Control of the West Coast Main Line rail franchise appeared to be slipping through Virgin Trains' hands last night, as its bitter row with the Government escalated.
In an unprecedented public attack on the operator, Rail Minister Tom Harris accused it of trying to "blackmail" the Government into extending its franchise beyond 2012.
The row focuses on plans to add 106 new carriages on the line, increasing each train from nine to 11 coaches.
The upgrade would provide much-needed capacity as passenger numbers grow, ensuring fewer people need to stand for long journeys. But as The Birmingham Post revealed in October, Virgin has refused to fit the extra carriages unless its franchise is extended by two years.
It planned to begin adding the coaches in 2009 but claimed it could not justify the cost if it was only going to use them for two or three years – and would not go ahead unless its franchise was extended.
The bitter stand-off between Virgin Trains and the Government means passengers will still be waiting for improved rail services – even after the £600 million refurbishment of New Street Station.
Mr Harris' comments, at a Commons hearing, effectively end Virgin's hopes of extending its contract to operate the service between London, Birmingham and Manchester beyond 2012 when its franchise expires. It is expected to be among the bidders for the new franchise.
"I wasn’t prepared for the department to be blackmailed, with the prospect of Pendolino lengthening as the prize," he said. Last month the Government gave the go-ahead to the £598 million revamp of New Street Station after announcing it would provide £400 million.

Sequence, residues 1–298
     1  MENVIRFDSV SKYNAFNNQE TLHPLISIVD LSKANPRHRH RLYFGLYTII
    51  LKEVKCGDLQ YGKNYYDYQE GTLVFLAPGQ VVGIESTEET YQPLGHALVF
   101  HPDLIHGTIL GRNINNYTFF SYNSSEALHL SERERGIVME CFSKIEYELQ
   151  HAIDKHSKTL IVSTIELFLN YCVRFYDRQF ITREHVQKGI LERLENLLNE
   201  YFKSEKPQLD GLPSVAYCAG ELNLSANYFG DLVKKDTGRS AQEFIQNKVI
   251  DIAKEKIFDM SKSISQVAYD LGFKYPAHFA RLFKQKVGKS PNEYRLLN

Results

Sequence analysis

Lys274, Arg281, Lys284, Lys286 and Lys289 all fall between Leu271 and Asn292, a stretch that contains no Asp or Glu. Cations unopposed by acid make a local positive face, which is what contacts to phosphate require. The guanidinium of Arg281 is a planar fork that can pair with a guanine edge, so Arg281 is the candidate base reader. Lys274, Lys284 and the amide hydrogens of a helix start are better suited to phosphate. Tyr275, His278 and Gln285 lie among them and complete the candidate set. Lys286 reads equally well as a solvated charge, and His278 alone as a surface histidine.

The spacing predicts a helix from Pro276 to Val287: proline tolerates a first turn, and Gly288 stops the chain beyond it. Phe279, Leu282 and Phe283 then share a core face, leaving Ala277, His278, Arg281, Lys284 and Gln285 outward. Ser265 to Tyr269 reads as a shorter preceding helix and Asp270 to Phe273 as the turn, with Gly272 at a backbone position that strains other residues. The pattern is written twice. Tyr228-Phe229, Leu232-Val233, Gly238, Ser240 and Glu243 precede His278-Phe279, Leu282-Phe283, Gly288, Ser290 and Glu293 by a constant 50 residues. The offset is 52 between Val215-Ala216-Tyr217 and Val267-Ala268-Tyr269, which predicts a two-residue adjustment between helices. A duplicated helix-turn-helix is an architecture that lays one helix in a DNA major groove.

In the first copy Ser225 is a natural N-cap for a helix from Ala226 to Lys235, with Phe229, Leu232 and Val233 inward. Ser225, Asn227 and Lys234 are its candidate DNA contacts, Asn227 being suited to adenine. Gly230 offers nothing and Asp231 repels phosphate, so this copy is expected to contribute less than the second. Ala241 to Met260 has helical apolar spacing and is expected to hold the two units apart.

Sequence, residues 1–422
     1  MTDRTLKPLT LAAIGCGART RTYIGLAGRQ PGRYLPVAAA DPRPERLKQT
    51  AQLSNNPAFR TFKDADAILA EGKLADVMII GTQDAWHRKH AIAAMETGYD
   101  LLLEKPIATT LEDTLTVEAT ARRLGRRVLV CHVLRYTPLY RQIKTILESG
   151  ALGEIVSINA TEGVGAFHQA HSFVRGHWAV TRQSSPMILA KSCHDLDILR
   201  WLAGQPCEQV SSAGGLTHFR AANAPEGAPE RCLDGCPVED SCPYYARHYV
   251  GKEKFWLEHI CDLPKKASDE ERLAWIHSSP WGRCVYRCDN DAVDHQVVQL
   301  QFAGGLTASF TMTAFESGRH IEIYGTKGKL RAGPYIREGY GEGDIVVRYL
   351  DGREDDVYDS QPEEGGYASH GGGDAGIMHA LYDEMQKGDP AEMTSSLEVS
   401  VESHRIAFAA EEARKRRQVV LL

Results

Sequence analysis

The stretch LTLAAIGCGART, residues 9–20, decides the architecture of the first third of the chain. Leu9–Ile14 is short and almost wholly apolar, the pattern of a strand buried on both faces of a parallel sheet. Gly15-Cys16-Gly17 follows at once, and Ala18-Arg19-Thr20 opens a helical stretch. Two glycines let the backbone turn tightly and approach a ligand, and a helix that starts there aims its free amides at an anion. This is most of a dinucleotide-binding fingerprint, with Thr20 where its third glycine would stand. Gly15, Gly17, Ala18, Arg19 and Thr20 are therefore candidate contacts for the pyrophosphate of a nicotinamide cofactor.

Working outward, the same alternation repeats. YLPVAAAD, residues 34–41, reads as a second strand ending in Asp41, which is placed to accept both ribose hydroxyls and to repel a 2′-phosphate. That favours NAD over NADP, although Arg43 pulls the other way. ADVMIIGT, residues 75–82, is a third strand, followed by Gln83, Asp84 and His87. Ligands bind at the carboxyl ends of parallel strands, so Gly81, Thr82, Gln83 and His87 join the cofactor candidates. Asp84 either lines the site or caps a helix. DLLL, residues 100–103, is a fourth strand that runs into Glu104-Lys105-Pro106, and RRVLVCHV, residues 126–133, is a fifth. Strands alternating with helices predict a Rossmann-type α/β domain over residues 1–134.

The redevelopment, expected to start in 2009 with the first phase completed in 2011, aims to ease congestion for 17 million passengers who use the station each year with a new concourse and improved passenger capacity.
But Mr Harris revealed the row with Virgin meant extra carriages would not be available until at least 2012 – when the second phase of New Street is expected.
He told the Commons Transport Committee: "We did say no to Virgin’s proposal for what they called a two-year extension to their franchise, and what I perceived as being a new two-year franchise without any competition.
"And they could not convince the department, they could not convince me, that process would provide better value for money than an open contest. Virgin’s negotiating position was, ‘we want an extra two years on the franchise, and on that basis we will co-operate with Pendolino lengthening’. The first part of that was not acceptable."
The Government was committed to adding the extra carriages but it would take longer than planned, and the carriages would not be fitted until 2012, he said.
"I accept if the conditions of that proposal had been different and had been acceptable to us, we would have been able to move more quickly," added Mr Harris.
A Virgin spokesman said: "This is very strong language. It is also surprising, because the proposal to add extra carriages came from us in the first place. We approached the Department with the idea, so I don’t see how we can be accused of blackmailing them."
Mr Harris also revealed the Government had misgivings about proposals for new high speed rail lines. The committee heard evidence last month from Iain Coucher, chief executive of Network Rail, who warned Britain needed to consider building high speed lines with trains running at 180mph.
Any such line is likely to run from London to Birmingham and Manchester, possibly linking with the Channel Tunnel.
But Mr Harris said he was not convinced. He said: "A number of assumptions are made about high speed rail. One of them is it’s environmentally-friendly. Another is it contributes to the economy, another is it will result in a certain amount of modal shift from planes to trains.
"A lot of these assumptions, I am not convinced have empirical data to support them."
Most of Britain’s urban conurbations were already well connected, he added.
"There may be a case in the future for high speed lines, but it’s not going to be made by saying our neighbours have got them, why can’t we have one."